Part of our admiration for athletes is we want to see their physical greatness as greatness of character. We apply these same expectations to actors and musicians as well, but we see in them artistic expression rather than an objective metric. In an athlete, we see the power of the human body and therefore someone who is able to push their physicality to extraordinarily levels must also be an extraordinary person overall. It’s why we’re shocked and disappointed that our sports idols can sometimes be scumbags—we expected more from healthy people who are really good at a game. Angelina Jolie‘s Unbroken labors under the impression that the measure of a man is in physical ability and little else. She has made a movie that is essentially torture porn but coated it in the veneer of respectability and triumph.
Following a rebellious childhood, Louis Zamperini (Jack O’Connell) works hard to become an Olympian runner, and he races in the 1936 Olympics. His brother Pete (Alex Russell) teaches him the credo “If you can take it, you can make it,” which Zamperini follows through his harrowing travails in World War II when his plane crashes and he’s stranded at sea for 47 days. Zamperini’s life becomes worse when he’s “rescued” by the Japanese navy and thrown into a POW camp run by the cruel, twisted Mutsushiro “The Bird” Watanabe (Miyavi), who beats the prisoners mercilessly.
To be clear: nothing I write here is to dismiss or diminish Zamperini’s incredible story. My criticisms refer to the depiction of that story and where Jolie put her focus. She reduces the sum total of Zamperini’s accomplishments to positivity and physical endurance.
When Zamperini is at sea with fellow soldiers Russell Allen “Phil” Phillips (Domhnall Gleeson) and Francis “Mac” McNamara (Finn Wittrock), it’s not about three guys working together to survive. It’s about Zamperini and two other guys who also survived the plane crash, and how he did everything in his power to keep them alive. Sure, he has his moments of sadness and doubt, but when spirits are low, Good ol’ “Zamp” is there to talk about his mothers’ cooking and cheer everyone up. This may have happened, but it doesn’t feel real despite O’Connell’s strong performance. His actions feel like saintly endeavors.
But here’s the thing about saints: they’re boring. Unless I’m watching a story designed for children, I don’t want to see someone who is perfect in every way. There’s nothing wrong with competence or being good-hearted. But what’s admirable about characters is how they overcome personal shortcomings. That’s how we find a way to relate to them even if we don’t match up with the specifics. Unbroken contains its story to a guy who was inoffensively rebellious as a child (He secretly drank and leered at women! Scandalous!), and then never did anything wrong ever again because he worked hard at running.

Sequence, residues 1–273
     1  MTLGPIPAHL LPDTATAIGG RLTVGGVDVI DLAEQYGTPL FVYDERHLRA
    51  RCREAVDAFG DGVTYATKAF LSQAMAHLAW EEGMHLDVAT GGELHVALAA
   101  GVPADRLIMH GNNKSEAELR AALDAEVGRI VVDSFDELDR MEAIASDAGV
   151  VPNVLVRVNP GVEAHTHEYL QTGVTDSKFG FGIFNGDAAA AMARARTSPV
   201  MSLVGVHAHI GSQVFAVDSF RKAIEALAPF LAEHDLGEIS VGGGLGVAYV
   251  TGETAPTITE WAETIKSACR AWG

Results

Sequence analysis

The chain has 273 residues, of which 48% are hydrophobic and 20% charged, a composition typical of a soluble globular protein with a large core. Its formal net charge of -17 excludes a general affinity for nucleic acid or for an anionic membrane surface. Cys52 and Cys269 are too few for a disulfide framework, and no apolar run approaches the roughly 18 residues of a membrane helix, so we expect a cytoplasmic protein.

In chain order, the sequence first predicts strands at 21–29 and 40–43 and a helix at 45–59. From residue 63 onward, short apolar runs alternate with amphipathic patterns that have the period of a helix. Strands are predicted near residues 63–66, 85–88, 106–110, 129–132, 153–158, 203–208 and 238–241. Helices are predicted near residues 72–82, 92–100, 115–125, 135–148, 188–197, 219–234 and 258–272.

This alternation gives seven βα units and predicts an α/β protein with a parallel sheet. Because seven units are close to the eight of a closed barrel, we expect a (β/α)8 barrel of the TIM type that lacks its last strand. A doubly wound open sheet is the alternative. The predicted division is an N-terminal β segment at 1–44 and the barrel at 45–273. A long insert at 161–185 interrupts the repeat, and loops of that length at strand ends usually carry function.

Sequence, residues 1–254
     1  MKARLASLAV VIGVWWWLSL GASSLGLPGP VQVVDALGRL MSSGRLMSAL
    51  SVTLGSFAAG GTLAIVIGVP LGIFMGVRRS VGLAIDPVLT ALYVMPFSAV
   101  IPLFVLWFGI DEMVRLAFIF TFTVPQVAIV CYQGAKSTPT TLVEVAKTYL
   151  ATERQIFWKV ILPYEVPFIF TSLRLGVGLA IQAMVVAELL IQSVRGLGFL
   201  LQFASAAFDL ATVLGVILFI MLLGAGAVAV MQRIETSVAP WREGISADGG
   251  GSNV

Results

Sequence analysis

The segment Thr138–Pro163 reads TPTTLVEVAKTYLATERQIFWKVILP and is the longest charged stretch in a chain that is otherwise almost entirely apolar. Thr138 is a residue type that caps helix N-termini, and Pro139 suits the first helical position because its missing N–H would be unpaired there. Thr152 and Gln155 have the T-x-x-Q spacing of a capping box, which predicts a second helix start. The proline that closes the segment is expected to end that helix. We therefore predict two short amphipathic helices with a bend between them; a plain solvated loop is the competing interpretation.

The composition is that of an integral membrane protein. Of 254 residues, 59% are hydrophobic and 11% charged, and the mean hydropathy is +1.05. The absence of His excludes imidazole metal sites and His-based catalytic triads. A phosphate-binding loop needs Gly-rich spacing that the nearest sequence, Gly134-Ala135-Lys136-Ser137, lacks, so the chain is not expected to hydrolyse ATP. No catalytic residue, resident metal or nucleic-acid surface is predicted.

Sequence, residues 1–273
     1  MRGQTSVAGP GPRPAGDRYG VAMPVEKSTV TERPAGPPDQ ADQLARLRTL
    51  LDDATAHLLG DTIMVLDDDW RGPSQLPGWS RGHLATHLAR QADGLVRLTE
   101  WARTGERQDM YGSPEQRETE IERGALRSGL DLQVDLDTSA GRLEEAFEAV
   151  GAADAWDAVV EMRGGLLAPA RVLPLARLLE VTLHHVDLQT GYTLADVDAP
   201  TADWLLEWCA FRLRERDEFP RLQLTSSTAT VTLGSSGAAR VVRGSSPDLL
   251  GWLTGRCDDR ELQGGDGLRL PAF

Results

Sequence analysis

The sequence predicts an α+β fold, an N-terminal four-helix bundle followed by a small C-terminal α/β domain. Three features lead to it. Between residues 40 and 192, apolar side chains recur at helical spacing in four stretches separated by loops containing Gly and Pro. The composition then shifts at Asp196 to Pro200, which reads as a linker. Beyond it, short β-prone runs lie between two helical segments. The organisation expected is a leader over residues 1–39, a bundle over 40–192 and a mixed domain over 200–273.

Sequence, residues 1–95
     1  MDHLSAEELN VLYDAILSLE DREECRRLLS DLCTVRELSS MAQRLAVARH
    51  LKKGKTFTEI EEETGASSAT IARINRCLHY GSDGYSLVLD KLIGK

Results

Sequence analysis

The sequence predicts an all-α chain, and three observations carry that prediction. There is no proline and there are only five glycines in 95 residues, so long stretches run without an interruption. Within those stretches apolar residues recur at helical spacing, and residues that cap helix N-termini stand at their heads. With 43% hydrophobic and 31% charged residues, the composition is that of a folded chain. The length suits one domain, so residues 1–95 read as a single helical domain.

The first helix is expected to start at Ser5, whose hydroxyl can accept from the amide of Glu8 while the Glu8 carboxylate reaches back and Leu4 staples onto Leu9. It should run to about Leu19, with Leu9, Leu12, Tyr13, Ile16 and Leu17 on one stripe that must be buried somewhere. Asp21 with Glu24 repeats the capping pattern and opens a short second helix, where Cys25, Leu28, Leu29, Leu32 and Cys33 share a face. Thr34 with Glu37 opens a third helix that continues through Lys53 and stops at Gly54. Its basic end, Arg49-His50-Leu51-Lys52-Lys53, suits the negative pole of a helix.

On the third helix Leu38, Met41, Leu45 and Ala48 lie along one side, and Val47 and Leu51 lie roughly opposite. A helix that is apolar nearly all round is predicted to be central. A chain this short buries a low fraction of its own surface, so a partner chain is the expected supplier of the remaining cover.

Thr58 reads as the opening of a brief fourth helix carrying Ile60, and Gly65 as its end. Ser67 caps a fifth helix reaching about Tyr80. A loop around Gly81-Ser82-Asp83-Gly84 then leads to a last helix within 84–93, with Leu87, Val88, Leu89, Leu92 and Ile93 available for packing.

Where Unbroken goes from a slightly mawkish survival tale to outright offensive is when Zamperini lands in the POW camp. At sea, Zamperini must show that he’s not only able to endure, but he’s also resourceful. In the POW camp, he’s tormented by Watanabe from day one. Watanabe breaks Zamperini’s nose, beats him with a stick, commands the other prisoners to punch Zamperini in the face, and then has him lift a heavy wooden beam under the threat of being shot if he drops it.
Watching Zamperini and other prisoners suffer physical torment is the second half of the film, and to Jolie, what makes Zamperini great isn’t a test of moral decisions or tough choices aside from some brief temptations. Zamperini’s struggle and by proxy the war is a matter of physical strength. “If you can take it, you can make it,” Zamperini tells one of his fellow prisoners. That’s a fine motivator when it comes to training, but it’s absurd when applied to war. War is horrific, cruel, and indifferent. Plenty of strong men died in World War II. The notion that only the strong survive is ridiculous, dismissive, and disgustingly reductive.
The most interesting part of Zamperini’s story comes from two sentences in the end credits that mentioned how he worked through severe post-traumatic stress, kept his promise to serve God, and then tried to forgive his captors. That’s an emotional journey I want to see. In our daily lives, forgiveness is so difficult, and he went to personally forgive the people who tried to kill him. That’s remarkable, and not a second of it is depicted on screen. Jolie would prefer we spend more time watching Miyavi swing a stick at the ground with the sound effect of someone crying out in pain.
Unbroken labors under the impression that it’s uplifting when really it’s just sadism coated in an awards-friendly sheen. Roger Deakins cinematography is gorgeous, but given the story Jolie is telling, it shouldn’t be. There shouldn’t be tranquil shots of people dying of thirst in their tiny raft; there shouldn’t be nicely framed wide shots of prisoners being forced to exercise in the cold. The fact that the real Louis Zamperini survived the war was a triumph for him, his family, and the life he chose to lead following the suffering he endured. Unbroken is a failure that mistakes physical strength for the strength of the human spirit.